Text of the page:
Semantic Enterprise Application Integration for Business Processes: Service-Oriented Frameworks

Semantic Enterprise Application Integration for Business Processes: Service-Oriented Frameworks

Gregoris Mentzas (National Technical University of Athens, Greece) and Andreas Friesen (SAP, Inc., Germany)
Indexed In: SCOPUS View 1 More Indices
Release Date: September, 2009|Copyright: © 2010 |Pages: 302
ISBN13: 9781605668048|ISBN10: 1605668044|EISBN13: 9781605668055|DOI: 10.4018/978-1-60566-804-8


The lack of formal semantics of applications and services to be integrated into business processes makes it difficult for software engineers and developers to interconnect heterogeneous applications.

Semantic Enterprise Application Integration for Business Processes: Service-Oriented Frameworks provides methods that incorporate and streamline processes that allow employees, decision makers, and industry partners to readily access corporate and customer data independent of where it resides. This advanced reference source provides the latest research findings in the design and development of business processes for academicians, researchers, and practitioners.

Topics Covered

The many academic areas covered in this publication include, but are not limited to:

  • Cross-organizational business processes
  • Enterprise application architectures
  • Enterprise application integration
  • Enterprise interoperability
  • Light-weight semantic integration
  • Semantic interoperability
  • Semantic service discovery
  • Semantic Web service
  • Tourism industry
  • Web Service Discovery

Reviews and Testimonials

This book provides compelling arguements, use cases and practical solutions to one of the most important questions of our time: the relatinship between technology, business, and society. It also addresses some of the most difficult issues in process and service managment. The arguments presented are powerful and convincing for researchers, policy makers, business people, and scholars alike.

– Gérald Santucci, Head of Enterprise Networking and RFID Unit - Cristina Martinez, Head of Future Internet Enterprise Systems Cluster

Table of Contents and List of Contributors

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Most enterprises contain a systemic infrastructure of several heterogeneous information technology systems, creating a complex, fuzzy network of interconnected applications, services and data sources, which is usually not well documented and expensive to maintain. Moreover, the introduction of multioriented, separate systems concerning enterprise resource planning (ERP), customer relationship management (CRM), supply chain management (SCM), e-business portals and B2B transactions, increases the complexity of systems integration, making the support of the interoperability among these systems a challenging task.

In this emerging business context, a clear need appears to link these former incompatible systems to improve productivity and efficiency. The solution to this need is what is called enterprise application integration (EAI), which can be defined as the use of software and architectural principles to bring together (integrate) a set of enterprise computer applications.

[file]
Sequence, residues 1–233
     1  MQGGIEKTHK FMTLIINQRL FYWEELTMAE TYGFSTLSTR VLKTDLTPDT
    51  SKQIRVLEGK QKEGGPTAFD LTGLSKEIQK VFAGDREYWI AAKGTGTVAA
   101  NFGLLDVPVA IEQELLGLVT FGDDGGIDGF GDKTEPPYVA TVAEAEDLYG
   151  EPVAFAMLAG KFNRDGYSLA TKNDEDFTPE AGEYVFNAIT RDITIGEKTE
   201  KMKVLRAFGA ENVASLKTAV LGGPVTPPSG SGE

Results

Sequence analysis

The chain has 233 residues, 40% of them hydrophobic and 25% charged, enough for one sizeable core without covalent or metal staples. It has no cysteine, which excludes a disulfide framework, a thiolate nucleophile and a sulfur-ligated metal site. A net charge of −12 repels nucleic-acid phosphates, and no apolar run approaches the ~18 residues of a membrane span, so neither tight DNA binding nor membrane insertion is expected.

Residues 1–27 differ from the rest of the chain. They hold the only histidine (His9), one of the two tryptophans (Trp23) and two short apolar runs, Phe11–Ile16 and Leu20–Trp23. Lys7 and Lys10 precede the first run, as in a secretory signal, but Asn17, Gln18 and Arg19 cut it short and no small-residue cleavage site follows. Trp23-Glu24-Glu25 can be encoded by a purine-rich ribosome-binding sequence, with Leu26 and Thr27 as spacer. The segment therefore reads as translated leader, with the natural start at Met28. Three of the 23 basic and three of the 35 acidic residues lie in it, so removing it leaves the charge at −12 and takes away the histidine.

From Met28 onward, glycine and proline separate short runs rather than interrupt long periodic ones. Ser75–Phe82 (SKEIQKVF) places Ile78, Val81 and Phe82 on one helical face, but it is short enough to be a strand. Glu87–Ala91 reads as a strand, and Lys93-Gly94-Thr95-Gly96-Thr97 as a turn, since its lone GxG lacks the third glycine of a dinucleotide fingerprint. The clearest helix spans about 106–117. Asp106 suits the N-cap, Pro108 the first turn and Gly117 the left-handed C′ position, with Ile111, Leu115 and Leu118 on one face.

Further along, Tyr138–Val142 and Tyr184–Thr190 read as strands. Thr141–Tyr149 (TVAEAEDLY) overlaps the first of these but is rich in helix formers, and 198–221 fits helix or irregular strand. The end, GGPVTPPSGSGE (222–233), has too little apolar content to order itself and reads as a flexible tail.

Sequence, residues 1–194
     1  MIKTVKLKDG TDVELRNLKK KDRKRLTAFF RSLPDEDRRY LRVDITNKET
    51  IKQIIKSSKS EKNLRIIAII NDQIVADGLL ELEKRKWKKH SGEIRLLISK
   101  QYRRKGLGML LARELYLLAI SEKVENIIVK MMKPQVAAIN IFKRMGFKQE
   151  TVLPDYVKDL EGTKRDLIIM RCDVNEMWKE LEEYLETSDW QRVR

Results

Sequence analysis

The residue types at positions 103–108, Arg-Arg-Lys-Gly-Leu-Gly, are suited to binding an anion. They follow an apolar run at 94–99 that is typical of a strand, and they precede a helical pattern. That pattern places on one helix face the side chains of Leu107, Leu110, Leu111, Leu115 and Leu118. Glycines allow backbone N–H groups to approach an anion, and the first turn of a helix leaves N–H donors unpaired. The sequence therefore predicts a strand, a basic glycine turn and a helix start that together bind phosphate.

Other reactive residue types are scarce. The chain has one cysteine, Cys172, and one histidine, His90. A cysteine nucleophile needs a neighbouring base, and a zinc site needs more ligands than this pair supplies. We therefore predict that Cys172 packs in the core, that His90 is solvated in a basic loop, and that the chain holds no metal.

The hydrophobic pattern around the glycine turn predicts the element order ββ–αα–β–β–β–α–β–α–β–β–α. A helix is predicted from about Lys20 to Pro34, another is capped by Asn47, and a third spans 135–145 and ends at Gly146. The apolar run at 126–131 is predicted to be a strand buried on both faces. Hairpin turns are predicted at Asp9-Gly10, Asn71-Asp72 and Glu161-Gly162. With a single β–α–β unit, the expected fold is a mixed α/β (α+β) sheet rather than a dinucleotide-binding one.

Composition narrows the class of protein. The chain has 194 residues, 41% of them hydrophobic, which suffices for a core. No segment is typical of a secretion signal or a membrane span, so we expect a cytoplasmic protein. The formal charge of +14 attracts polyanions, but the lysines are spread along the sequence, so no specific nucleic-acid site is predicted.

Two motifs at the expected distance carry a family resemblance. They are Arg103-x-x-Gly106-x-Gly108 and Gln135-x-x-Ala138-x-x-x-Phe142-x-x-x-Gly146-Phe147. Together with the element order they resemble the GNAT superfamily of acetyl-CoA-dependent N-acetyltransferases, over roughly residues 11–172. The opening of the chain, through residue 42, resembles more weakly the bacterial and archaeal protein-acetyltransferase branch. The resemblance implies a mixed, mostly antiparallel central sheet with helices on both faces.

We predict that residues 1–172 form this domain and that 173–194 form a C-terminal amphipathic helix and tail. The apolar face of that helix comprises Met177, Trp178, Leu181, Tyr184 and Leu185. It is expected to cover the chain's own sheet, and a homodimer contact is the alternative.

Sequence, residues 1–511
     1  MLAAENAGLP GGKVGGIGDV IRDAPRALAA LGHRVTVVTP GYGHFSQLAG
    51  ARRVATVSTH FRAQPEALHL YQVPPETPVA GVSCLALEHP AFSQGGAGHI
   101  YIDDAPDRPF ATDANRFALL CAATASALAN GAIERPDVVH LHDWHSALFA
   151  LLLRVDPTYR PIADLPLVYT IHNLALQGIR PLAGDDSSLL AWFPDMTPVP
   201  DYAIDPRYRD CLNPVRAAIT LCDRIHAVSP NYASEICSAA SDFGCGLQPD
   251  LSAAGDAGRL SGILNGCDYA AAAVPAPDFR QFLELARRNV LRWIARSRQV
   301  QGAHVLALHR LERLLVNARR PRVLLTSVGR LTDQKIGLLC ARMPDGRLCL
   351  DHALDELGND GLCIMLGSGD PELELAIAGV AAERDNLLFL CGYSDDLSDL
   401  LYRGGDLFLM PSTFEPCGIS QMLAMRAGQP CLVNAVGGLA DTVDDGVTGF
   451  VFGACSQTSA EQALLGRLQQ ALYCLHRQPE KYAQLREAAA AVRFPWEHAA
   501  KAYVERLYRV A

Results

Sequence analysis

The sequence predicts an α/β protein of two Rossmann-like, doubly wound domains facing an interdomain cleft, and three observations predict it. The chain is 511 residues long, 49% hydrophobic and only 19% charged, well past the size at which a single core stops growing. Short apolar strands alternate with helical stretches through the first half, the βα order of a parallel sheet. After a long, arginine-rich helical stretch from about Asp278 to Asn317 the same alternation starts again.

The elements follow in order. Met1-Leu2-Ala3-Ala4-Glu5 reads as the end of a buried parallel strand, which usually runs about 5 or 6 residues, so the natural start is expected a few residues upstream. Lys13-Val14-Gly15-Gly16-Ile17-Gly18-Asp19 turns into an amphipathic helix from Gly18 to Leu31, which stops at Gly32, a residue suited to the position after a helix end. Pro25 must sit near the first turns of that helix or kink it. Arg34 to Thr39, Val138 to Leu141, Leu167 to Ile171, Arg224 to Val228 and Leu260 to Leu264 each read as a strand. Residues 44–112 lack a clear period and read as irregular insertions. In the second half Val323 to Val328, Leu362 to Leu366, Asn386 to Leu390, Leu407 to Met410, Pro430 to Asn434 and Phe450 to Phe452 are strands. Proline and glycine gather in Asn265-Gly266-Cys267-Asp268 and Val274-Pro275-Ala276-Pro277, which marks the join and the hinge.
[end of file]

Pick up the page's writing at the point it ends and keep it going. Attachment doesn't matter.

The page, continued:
The goal of EAI is to integrate and streamline heterogeneous business processes across different applications and business units. We can distinguish between intra- and inter- organizational enterprise application integration. Intraorganizational EAI, commonly referred as “application to application”-integration (A2A), specifies the automated and event-driven exchange of information between heterogeneous enterprise applications and systems operating within an organization or enterprise. On the other hand, interorganizational EAI, or else B2B integration, specifies the automated and event-driven information exchange between various systems of several collaborating organizations and enterprises.

In recent years, most enterprises and organizations have made extensive investments in several EAI systems and solutions that promise to solve the major integration problem among their existing systems and resources. The business driver behind all these traditional EAI projects is to integrate processes across third-party applications as well as legacy systems to decrease the number of adapters one has to develop if connecting two systems. Traditional EAI focuses on the message-based communication of software applications interfaces, by pipelining different middleware technologies and developing various adapters, connectors, and plug-ins to provide efficient messaging support among heterogeneous systems, allowing their effective interconnection. However, traditional EAI efforts lack an upper abstraction layer, as well as standardized architectures and implementations, making customers and end-users captive of EAI vendor-specific solutions, and creating the need for a new, high level integration for interconnecting various EAI systems with one another.

Such a need for higher level integration can be supported by exploiting recent research in serviceoriented architectures and Semantic Web technologies.